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Photos: How this white van delivers health care to homeless populations in the Tri-Cities, Burnaby and New West

Fraser Health's Integrated Homelessness Action Response Team services communities north of the Fraser River.

A nondescript white panel van is delivering relief to homeless populations in the Tri-Cities, Burnaby, New Westminster and Maple Ridge.

Sometimes it even helps save a life.

During a visit to the 3030 Gordon shelter in Coquitlam on Thursday, March 14, medical professionals from the Fraser Health Integrated Homelessness Action Response Team (IHART) mobilized when a man overdosed on the sidewalk.

As his worried street buddies gathered round and coaxed the man to wake up, registered and practical nurses administered naloxone and notified emergency services. After several tense moments he was responsive and sitting up. Minutes later he walked away, getting on with his day.

While the IHART program has been operating since 2022, it’s been bringing its suite of health care, mental health and outreach services to the streets in a van since January.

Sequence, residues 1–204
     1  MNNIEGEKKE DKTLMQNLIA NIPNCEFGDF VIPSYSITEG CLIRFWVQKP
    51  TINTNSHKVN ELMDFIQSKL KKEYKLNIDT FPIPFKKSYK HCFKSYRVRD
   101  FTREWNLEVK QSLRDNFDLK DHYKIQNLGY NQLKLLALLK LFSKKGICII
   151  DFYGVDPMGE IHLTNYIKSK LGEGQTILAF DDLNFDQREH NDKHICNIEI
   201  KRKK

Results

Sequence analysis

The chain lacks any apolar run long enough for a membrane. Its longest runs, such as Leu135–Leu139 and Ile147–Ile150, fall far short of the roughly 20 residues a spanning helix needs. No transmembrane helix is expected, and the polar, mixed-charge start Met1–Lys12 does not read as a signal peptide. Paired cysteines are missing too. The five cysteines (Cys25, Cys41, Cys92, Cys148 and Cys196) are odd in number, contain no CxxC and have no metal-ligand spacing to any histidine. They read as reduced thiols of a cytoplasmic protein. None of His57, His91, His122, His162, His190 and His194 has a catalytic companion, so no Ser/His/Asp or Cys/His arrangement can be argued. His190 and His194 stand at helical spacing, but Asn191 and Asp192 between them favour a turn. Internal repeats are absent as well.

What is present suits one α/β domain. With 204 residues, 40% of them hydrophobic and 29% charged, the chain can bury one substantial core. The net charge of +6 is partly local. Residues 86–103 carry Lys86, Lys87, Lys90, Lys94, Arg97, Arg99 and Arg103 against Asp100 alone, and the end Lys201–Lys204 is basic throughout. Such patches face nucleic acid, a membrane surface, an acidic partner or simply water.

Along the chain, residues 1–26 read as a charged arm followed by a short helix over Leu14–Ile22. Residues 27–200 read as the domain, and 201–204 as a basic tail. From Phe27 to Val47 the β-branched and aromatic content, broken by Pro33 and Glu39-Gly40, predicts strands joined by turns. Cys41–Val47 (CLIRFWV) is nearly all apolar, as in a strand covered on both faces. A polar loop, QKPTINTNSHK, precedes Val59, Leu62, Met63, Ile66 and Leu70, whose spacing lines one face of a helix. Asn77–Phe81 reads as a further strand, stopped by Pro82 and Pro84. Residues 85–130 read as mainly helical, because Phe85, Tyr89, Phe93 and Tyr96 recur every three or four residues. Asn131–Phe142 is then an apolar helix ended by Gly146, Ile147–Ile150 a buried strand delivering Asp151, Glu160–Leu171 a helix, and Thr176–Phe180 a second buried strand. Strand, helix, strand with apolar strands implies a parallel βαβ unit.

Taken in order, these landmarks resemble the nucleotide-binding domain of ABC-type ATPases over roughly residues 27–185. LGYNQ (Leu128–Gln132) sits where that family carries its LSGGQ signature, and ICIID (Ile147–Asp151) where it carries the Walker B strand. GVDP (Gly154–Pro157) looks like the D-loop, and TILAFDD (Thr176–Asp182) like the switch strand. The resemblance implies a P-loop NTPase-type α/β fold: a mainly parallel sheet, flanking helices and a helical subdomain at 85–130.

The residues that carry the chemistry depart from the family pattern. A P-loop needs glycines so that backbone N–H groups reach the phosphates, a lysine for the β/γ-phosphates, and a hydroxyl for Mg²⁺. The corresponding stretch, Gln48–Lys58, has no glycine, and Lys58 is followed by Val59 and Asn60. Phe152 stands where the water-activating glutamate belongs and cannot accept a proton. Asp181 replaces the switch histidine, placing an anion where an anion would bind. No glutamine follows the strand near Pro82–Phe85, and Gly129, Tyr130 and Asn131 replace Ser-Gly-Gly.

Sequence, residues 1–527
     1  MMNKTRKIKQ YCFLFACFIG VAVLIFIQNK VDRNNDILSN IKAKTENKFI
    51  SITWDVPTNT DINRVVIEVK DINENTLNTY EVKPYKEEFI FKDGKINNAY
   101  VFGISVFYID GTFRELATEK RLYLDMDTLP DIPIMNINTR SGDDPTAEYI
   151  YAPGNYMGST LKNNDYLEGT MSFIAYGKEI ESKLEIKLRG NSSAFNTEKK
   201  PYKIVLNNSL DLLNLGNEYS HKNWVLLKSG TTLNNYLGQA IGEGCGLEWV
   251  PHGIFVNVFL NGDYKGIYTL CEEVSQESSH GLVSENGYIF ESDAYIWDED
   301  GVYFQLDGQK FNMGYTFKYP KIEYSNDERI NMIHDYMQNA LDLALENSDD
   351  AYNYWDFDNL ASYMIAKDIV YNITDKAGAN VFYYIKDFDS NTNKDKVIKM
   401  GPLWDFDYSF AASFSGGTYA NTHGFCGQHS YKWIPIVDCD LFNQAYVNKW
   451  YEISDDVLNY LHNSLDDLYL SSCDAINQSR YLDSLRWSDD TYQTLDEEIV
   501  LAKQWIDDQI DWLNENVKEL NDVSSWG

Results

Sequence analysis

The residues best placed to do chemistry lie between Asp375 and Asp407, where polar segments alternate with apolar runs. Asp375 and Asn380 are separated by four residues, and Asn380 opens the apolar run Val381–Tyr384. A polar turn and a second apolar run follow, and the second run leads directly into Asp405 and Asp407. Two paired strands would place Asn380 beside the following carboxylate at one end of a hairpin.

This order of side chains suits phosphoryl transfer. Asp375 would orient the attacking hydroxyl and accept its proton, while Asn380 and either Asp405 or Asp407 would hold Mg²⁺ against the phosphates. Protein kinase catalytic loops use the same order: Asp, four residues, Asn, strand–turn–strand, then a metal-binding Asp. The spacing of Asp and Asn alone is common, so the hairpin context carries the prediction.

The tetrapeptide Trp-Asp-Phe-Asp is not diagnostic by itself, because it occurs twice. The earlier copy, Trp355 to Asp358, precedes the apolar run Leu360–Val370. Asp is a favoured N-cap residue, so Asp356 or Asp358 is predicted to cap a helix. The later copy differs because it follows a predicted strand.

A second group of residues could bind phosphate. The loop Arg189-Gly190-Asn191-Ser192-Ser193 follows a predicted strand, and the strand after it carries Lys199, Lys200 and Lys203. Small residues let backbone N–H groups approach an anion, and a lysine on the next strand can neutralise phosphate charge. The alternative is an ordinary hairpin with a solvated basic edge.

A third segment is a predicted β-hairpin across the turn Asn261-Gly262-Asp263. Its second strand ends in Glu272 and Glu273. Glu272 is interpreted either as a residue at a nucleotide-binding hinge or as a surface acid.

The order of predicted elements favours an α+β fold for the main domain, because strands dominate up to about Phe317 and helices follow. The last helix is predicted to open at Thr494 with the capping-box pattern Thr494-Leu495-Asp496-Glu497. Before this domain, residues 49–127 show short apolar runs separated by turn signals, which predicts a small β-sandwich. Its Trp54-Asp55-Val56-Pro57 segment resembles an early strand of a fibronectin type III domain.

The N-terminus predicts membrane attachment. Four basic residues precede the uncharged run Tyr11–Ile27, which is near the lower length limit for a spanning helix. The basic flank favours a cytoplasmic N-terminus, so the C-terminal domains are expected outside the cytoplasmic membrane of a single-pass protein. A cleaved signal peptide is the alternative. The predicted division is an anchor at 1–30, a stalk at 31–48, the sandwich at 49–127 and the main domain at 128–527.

The program’s co-ordinator, Paolo Palomar, said the idea is to lower barriers to obtaining health care for a population that would otherwise have none.

The mobile team that functions five days a week is comprised of nurses, clinicians, as well as peer support, outreach and social workers.

“We’re able to give wrap-around support,” Palomar said.

Sometimes that means distributing requisitions for blood work. Sometimes it requires cleaning and dressing infections or providing counselling. Sometimes it’s just handing out a cup of warm coffee.

“We try not to say 'no' to anyone who needs help,” Palomar said.

The IHART team travels to homeless encampments, shelters and church parking lots across the northern communities of the Fraser Health district while a second team helps out in eastern communities like Abbotsford, Mission, Chilliwack, Agassiz and Hope. The service is also being extended to Surrey.

The vans follow a regular schedule so clients can anticipate their visits, Palomar said.

It also helps them build a relationship of trust, he added.

Twice a month the team offers special foot care clinics as homeless populations often have to deal with a condition called “street feet” because their shoes and socks are wet from the rain and snow.

The frontline care can help alleviate the chronic nature of health disparities the homeless population experience, said Fraser Health clinical operations director Sherif Amara.

“The vans provide an additional tool to bring care further into these remote, often secluded, settings.”

Sometimes, Palomar said, it can even be the stepping stone to more comprehensive care and possibly even the start of a journey off the streets.

“We’re trying to bridge the gap,” he said.